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Long recognized by naturalists and adventurers as a dramatically unique region, the Arctic has recently emerged as an area of increasing political, strategic, and economic importance. The Arctic is both one of the world’s largest and smallest regions, encompassing 15% of the earth’s land mass, yet inhabited by fewer than 1% of the world’s population. Its physical vastness is coupled with a wealth of natural resources; in oil alone, the Far North contributes that majority of Russia’s production and 25% of US output. At the same time, the Circumpolar North is home to diverse indigenous peoples and cultures, thus setting the stage for conflicts of international scope.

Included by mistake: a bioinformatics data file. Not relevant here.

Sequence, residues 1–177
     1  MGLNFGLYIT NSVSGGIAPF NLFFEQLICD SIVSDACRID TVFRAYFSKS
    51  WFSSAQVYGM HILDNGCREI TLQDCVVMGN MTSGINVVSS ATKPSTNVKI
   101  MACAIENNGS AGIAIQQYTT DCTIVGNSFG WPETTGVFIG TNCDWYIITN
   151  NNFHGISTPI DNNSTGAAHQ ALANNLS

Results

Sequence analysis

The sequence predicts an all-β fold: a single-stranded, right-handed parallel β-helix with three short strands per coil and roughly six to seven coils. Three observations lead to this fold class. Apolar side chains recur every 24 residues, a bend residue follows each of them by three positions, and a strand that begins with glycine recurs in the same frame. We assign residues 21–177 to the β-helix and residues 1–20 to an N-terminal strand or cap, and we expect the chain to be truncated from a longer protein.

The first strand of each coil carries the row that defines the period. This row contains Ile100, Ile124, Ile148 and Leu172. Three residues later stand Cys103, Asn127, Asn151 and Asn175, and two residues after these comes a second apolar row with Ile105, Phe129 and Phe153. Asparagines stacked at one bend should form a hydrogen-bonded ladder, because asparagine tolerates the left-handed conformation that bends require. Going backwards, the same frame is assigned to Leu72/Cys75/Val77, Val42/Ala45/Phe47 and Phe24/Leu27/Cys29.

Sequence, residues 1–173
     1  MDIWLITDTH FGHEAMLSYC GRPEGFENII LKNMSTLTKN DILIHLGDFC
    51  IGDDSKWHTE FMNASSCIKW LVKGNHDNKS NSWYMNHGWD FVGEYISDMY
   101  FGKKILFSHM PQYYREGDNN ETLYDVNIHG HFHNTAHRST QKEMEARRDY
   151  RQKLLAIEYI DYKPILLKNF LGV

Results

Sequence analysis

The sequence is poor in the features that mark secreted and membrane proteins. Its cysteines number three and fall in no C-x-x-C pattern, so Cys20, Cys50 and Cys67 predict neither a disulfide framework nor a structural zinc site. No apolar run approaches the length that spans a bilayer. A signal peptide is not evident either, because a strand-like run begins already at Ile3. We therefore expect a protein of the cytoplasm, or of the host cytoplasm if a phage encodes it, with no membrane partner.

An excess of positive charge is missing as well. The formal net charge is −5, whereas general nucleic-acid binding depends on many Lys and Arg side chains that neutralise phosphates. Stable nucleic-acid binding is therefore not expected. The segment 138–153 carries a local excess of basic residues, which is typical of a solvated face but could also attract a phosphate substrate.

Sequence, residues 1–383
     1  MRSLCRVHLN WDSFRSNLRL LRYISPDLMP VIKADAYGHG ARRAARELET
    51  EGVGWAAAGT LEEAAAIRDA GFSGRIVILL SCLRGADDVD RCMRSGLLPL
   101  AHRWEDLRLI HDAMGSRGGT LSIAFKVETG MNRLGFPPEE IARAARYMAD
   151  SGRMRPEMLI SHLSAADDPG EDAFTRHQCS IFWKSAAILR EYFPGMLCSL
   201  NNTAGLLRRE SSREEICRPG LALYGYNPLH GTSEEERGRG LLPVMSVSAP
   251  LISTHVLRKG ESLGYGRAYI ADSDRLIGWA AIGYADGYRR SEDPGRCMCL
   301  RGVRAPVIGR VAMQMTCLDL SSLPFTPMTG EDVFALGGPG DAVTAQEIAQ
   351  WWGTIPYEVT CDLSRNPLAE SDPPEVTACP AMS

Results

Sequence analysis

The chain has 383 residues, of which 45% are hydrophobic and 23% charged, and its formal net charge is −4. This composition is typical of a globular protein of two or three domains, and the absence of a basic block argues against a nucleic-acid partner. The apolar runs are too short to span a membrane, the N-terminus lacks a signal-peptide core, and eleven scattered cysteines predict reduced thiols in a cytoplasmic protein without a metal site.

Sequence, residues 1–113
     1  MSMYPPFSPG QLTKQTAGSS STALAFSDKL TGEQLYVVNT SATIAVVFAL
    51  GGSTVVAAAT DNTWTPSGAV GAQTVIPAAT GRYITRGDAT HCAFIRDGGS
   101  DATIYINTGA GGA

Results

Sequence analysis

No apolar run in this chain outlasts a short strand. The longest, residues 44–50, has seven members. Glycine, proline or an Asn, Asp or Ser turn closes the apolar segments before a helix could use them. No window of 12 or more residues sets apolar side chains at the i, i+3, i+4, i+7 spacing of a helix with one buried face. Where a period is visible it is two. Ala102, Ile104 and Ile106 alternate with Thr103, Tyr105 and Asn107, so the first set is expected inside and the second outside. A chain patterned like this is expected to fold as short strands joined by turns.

In this collection of essays, Oran Young provides a foundation for studying the politics of the Arctic as a distinctive international region. Expanding the traditional approach to area studies, he examines the Far North not only for its unique features, but also as an arena within which to develop new approaches to various issues of worldwide interest. Young challenges persistent stereotypes that marginalize the region, moving beyond the romanticism of many observers to arrive at an understanding of the complex social and ecological systems of the Far North. In doing so, Young thoughtfully establishes the Arctic as an area of international importance both in its own right and in relation to other geopolitical regions.
|Publisher:||University Press of New England|
|Series:||Arctic Visions Series|
|Product dimensions:||5.50(w) x 8.50(h) x 0.69(d)|
About the Author
ORAN R. YOUNG is Director of the Institute of Arctic Studies at Dartmouth College and a member of the Polar Research Board of the National Academy of Sciences. His most recent books are International Cooperation: Building Regimes for Natural Resources and the Environment (1989) and The Age of the Arctic: Hot Conflicts and Cold Realities (1987), coauthored with Gail Osherenko.